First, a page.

Tuesday, March 13, 2012

The Revenge of BP

It was like my own personal horror movie.  On Saturday, it was to be my last day of training with BP, and I would spend my last 2 days training with the cool chick.  Well, BP took it upon herself to turn this into a make or break situation, and I broke.  I walked in, and she asked me how training went with the other girl.  I told her how fantastic it was, all the while noticing the smirk on her face.  I knew she had something up her sleeve.  She turned to me and began telling me how much better my co-worker was doing than me and that she was just picking it up and running with it. (This was the opposite of what the other girls told me, but that's beside the point.)  She then said I would be handling the job by myself.  As in, no help from her at all.  She also instructed the girl who was supposed to be doing my position not to help me either.  I felt the color drain from my face and panicked with what I should do.  A rational person would have explained that she wasn't ready to handle that and asked for additional training, but I was not rational at that moment.  I also knew the bitch would have been snarky about it and probably wouldn't have let me get away with that anyway.  So, I calmly walked into the break room, grabbed my purse, and headed to my car.  I then contacted my training coordinator and let her know that this was not going to work for me.  She was very patient and understanding and assured me that BP had acted inappropriately.  It was very sweet, but not enough to make me want to stay.

I came home, making it a pointless 6 hour round trip drive, and proceeded to start having cardiac issues- sweating, racing pulse, high BP, etc.  I went to the ER the next day, spending 6 hours getting poked and prodded (see picture below).  This experience was a nightmare in itself in that I was there for so long, and they never gave me so much as a bag of fluids, which I think would have alleviated many of my symptoms.  They did run a battery of test, which will be crazy expensive, I'm sure, but they treated me in the hall.  As in, they didn't have enough rooms, so to compensate, they have monitors on the walls in the hall in front of the Nurses' station, so I was on display for all to see.  The final diagnosis was acid reflux (total horseshit, as I know what that feels like) and stress.  So, the job and I are parting ways, because it isn't worth this shit.  This is why I'm here writing this instead of there having panic attacks.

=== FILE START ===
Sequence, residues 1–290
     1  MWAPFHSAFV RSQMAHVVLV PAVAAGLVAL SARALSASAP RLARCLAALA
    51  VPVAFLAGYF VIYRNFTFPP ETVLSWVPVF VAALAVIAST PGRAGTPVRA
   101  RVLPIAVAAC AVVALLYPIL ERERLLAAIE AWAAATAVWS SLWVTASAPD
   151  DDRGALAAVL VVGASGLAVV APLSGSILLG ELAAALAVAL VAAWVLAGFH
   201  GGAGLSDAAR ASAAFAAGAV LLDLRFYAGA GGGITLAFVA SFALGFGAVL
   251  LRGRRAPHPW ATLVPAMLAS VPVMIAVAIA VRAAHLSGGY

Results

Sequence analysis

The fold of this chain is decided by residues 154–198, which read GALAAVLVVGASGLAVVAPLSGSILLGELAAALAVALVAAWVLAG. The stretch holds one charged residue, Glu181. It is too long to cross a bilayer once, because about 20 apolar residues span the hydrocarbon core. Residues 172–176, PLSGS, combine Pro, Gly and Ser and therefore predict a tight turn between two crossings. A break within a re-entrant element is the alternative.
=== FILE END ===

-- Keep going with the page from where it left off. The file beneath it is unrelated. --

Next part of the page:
The problem is I'm all freaked out about the medical field now, because apparently they just throw you into stuff and expect you to sink or swim.  And I sink, because I can't get past the fact that I'm dealing with actual human lives.  Everyone who is successful in healthcare is able to put their emotions and fears on hold and just dig in.  That's right, America, your Nurses and Doctors are just as clueless as you are, but they're not afraid to just start poking and prodding you, because they're not afraid of death (yours, that is).  I don't know if Nuclear Medicine is different, since it does require a certain level of technical skill that they have to teach you.  I did observations for Nuc Med at 2 different facilities, and it really didn't seem like something I couldn't handle.  The process is fascinating to me, so I think I would love studying it and doing it.  I am still hanging on to that HR interview as an out, though, just in case.

If you've never seen a blown vein, here's what it looks like.  This is what happens when you throw people into the medical profession armed only with a needle and determination.

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